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MIT Department of Aeronautics and Astronautics

Aero-Astro Magazine Highlight

The following article appears in the 2007–2008 issue of Aero-Astro, the annual report/magazine of the MIT Aeronautics and Astronautics Department. © 2008 Massachusetts Institute of Technology.

Passion = vibrations and waves in turbomachinery

By Zoltan S. Spakovszky

The world of air-breathing propulsion is full of challenging problems where well-defined modeling goals can help tackle real and complex situations.

Zoltan Spakovszky's research and passion center on challenges in energy, power, and propulsion. (William Litant photograph)

Zoltan Spakovszky

Since I was a child, the smell of unburned hydrocarbons from jet aircraft on the tarmac has sent a chill down my spine with the feeling that something exciting and powerful was going to happen.

After all these years, this passion has not faded. The first big step toward my childhood dreams of becoming an aeronautical engineer came true when finishing my Master’s degree in Mechanical Engineering at ETH Zurich and working at Swissair Technics in the aircraft engine overhaul and maintenance services. This was the first time I got involved in solving a severe flow instability problem jeopardizing the safe operation of jet engines in service. This also brought me to the United States. After receiving my Ph.D. from the MIT Aeronautics and Astronautics Department in 2000, I joined GE Aircraft Engines as a lead engineer in the preliminary design and performance department. A short year later, I returned to MIT, and today, I still find myself attracted to research involving jet engines and turbomachinery. Undeniably, the field has evolved, but there will always be challenging problems in the energy, power, and propulsion fields that remain to be solved. G. F. Carrier, applied mathematician and National Medal of Science recipient, said of the future of engineering science, “There is still a multitude of worthwhile, unanswered questions in the world of natural sciences whose answers will ultimately be obtained with the help of mathematical tools and mathematical reasoning. Many of these will require a variety of heuristic arguments, the ‘find it before you prove it exists’ attitude, and the determination to understand the real phenomenon.”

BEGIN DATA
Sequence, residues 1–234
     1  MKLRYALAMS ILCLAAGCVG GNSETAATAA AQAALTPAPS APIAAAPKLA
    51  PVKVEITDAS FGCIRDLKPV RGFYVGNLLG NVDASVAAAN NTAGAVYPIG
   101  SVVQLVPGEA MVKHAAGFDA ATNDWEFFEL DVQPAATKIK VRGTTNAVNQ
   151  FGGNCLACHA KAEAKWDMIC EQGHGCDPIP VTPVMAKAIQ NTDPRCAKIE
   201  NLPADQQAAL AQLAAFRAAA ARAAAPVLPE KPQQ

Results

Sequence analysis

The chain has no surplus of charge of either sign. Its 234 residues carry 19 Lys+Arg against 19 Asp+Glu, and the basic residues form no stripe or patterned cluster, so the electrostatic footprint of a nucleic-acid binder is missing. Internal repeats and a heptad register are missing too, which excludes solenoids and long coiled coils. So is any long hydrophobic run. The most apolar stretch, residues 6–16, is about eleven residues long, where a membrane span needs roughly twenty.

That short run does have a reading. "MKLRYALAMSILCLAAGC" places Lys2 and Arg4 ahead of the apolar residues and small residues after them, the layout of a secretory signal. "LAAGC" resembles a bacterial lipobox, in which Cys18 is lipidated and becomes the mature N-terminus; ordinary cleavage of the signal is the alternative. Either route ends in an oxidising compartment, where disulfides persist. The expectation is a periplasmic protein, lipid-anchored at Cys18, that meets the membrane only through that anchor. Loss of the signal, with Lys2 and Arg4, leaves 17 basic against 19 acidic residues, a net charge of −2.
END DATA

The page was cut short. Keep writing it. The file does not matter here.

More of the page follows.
computed acoustic resonance

Computed acoustic resonance that can lead to engine surge (left) in agreement with acoustic pressure signals measured on wing in large commercial jet engines (right). -enlarge-

Characteristics of my research projects are that they are rich in concepts and ideas, entail first principles modeling for new insight of complex technological problems, focus on challenging problems important to society and supported by industry and government agencies, and involve team work and industry contacts.
Gas turbine jet engines can encounter a large variety of unsteady turbomachinery flow problems. Although unsteadiness in fluid motion is necessary for the work exchange in such machines (if the Beach Boys were aerodynamicists, they’d call these oscillations “the good vibrations”), the unsteady nature of fluid flow can be a real nuisance and can be manifested in detrimental vibrations and waves. These phenomena can limit the operating range (aerodynamic oscillations, and instabilities), induce structural failure and malfunction (mechanical vibrations), and generate noise (acoustics of fluid flow and structure interaction). The overarching theme that ties these diverse areas together is dynamic behavior and unsteadiness in fluids, and in fluid-structure interaction.